Somewhat offside you can find the Powered Coaster Runaway Train – a Blauer Enzian modell of Mack Rides. This standard model has been perfectly suited for Chessington World of Adventures, which you can already notice when passing through the queue that has somehow been put into the ride. The coaster itself is also much more harmonious than the sister ride Flying Fish from Thorpe Park, which is barely 15 miles away. The nice staff provides a great atmosphere as well.
Hocus Pocus Hall and Sea Life Centre
An interesting attraction is the passage through the Hocus Pocus Hall, where you can see some effects with special glasses. Another interesting walkthrough is the Sea Life Centre, which unfortunately has an ugly tent look from the outside. But in the interior, the aquarium is very convincing. The big variety of species and the elaborate design provide a high entertainment value. Thanks to the very low number of visitors it was finally possible to have a closer look at the fish.
In the Transylvanian themed area Transylvania you will find the probably most beautiful Burger King in the world as well as a very individual dark ride around the topic squeaking ducks. The tour through the bubble factory BubbleWorks turns out to be quite amusing and can show one of the most impressive finales, because here you literally go for a bath. You won’t get wet, but the water jets you drive through are very impressive.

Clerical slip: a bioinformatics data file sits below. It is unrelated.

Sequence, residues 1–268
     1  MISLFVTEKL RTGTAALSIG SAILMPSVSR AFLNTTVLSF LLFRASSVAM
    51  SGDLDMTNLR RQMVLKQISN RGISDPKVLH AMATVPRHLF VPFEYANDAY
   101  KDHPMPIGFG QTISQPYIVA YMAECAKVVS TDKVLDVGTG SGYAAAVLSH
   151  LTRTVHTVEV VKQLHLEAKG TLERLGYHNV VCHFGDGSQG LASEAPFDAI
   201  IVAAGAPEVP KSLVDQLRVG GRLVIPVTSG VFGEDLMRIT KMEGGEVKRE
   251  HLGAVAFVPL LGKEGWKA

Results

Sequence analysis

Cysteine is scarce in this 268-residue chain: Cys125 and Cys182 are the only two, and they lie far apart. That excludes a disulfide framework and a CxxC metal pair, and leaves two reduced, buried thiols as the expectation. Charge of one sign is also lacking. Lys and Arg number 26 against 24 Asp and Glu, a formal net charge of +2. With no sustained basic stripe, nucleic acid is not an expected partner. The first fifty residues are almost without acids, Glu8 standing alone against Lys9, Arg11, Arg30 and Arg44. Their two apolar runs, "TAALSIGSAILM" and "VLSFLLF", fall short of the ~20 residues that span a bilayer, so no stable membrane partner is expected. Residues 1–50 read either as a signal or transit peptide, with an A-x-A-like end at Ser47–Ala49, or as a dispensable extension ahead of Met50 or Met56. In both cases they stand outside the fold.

The last roller coaster of the park is from Arrow Dynamics and is a true suspended coaster. This rare type of roller coaster can be found mainly in America and unfortunately the very few examples are getting rarer and rarer with time. In this respect it’s good to know that there is also a ride of this kind in Europe. The still quite new trains made by Vekoma at least give hope for a long future.